What tests can detect HER2-positive breast cancer?

For women with breast cancer, there are two tests for human epidermal growth factor receptor 2 (HER-2) -- a gene that helps control how cells grow, divide and repair, themselves:
  • IHC Test (immunohistochemistry): The IHC test uses antibodies to identify HER-2. The tumor can be scored as (negative), 1+ (negative), 2+ (borderline), or 3+ (positive) on the IHC test.
  • FISH Test (fluorescence in situ hybridization): The FISH test is good for all kinds of tissue: fresh, frozen and those kept in wax. The results are (negative) or positive on the FISH test.
Only tumors that test IHC "3+" or FISH "positive" respond well to antibody therapy.
Testing for HER2-positive breast cancer begins with testing for breast cancer in general. If you have a suspicious lump, mass or other lesion in your breast your doctor will take a sample of the tissue by doing a fine needle aspiration, a needle biopsy or surgical biopsy.

If the initial biopsy shows that the tissue is cancerous, the sample should be tested further for HER2 -- a protein, produced by HER2 genes, that is present in high amounts in people who have HER2-positive breast cancer. HER2 protein causes cancer cells to grow and spread more quickly, which makes HER2-positive breast cancer an aggressive form of breast cancer.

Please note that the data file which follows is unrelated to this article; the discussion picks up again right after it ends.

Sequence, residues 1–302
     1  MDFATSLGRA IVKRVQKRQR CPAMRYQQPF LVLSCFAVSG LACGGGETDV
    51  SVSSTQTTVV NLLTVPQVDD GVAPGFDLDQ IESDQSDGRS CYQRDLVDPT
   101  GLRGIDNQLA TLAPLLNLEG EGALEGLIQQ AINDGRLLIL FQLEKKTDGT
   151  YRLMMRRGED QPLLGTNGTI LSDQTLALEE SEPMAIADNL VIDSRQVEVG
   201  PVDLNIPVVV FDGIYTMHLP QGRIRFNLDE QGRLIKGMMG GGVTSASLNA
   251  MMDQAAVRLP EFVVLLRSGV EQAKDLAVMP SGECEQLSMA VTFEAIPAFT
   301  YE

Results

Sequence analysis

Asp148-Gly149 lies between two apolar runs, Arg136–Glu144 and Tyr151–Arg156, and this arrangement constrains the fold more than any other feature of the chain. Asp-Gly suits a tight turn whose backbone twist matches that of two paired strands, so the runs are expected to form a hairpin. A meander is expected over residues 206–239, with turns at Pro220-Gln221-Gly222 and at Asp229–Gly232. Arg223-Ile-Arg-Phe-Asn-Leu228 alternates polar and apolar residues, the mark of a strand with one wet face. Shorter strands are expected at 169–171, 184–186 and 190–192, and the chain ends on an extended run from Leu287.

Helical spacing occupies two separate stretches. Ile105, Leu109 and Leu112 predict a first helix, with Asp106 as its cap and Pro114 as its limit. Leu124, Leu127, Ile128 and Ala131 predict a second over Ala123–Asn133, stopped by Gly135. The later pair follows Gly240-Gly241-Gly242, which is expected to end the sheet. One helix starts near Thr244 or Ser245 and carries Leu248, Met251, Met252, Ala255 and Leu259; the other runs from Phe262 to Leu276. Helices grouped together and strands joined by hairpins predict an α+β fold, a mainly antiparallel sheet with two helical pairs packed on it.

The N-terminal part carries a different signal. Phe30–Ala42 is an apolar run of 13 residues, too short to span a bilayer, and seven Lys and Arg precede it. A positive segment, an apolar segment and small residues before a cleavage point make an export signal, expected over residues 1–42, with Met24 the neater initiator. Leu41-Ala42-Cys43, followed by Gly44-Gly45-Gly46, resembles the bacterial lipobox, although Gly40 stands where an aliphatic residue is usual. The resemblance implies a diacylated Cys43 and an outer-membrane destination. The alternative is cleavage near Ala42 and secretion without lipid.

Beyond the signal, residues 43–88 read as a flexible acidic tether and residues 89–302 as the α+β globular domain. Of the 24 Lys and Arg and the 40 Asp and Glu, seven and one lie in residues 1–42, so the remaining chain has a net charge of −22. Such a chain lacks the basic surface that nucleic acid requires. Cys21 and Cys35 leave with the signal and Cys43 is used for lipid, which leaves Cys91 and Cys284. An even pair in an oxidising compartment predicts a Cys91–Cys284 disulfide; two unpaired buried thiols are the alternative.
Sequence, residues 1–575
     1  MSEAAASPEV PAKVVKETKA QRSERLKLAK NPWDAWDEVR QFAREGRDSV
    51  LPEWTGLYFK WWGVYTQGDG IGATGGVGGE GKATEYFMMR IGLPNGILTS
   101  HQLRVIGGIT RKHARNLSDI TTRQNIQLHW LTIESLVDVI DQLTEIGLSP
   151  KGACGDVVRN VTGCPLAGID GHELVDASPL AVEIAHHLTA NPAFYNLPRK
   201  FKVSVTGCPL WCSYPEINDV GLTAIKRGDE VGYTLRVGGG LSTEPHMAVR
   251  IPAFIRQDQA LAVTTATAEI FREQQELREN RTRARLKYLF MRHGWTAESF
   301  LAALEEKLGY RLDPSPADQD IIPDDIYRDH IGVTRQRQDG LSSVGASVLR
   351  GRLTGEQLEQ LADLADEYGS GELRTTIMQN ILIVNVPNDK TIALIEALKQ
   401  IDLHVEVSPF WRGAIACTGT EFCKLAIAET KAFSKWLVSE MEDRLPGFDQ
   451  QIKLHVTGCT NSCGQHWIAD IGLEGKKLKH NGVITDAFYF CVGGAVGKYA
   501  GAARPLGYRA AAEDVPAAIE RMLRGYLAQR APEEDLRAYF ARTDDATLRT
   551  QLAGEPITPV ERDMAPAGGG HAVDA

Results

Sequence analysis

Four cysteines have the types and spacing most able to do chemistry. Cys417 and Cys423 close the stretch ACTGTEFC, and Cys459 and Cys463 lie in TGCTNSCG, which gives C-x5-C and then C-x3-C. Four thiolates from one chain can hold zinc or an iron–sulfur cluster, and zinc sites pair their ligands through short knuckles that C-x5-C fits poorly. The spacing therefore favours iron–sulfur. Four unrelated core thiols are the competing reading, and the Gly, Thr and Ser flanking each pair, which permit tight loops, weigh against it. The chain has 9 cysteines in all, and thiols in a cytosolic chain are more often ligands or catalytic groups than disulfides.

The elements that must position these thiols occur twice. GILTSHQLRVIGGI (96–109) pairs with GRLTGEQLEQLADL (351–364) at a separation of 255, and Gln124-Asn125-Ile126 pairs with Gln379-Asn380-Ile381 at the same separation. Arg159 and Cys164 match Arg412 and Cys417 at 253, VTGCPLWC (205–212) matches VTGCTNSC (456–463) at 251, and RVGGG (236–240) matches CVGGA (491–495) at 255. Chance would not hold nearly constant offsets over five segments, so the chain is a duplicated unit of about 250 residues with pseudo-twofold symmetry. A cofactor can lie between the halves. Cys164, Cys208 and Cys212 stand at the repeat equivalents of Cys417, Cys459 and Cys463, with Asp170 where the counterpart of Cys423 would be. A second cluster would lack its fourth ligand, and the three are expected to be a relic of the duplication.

Tests that are used for examining breast tissue for HER2 include:
  • IHC (Immunohistochemistry) measures the amount of HER2 protein in a tissue sample. IHC is the most commonly used initial test for HER2 in breast cancer samples. However, it sometimes doesn't give a definite answer.
  • FISH (Fluorescent in situ hybridization) is a test that flags HER2 genes with fluorescent pieces of DNA so that the genes can easily be counted under a special microscope. FISH is often done as a follow-up after an IHC test.
  • CISH (chromogenic in situ hybridization) works similarly to FISH to count the HER2 genes, but looks at color changes in the cells rather than fluorescence and doesn't require a special microscope. 
  • Dual ISH (in situ hybridization) uses a special stain to cause a color change in HER2 proteins in a tissue sample. The sample can then be examined under a regular microscope. Research shows it can be more precise than the IHC test and less costly and simpler to use than the FISH test.
If one of these tests determines that you have HER2-positive breast cancer, your doctor can prescribe medication that treats this kind of breast cancer more specifically and more successfully than drugs used for other types of breast cancer.

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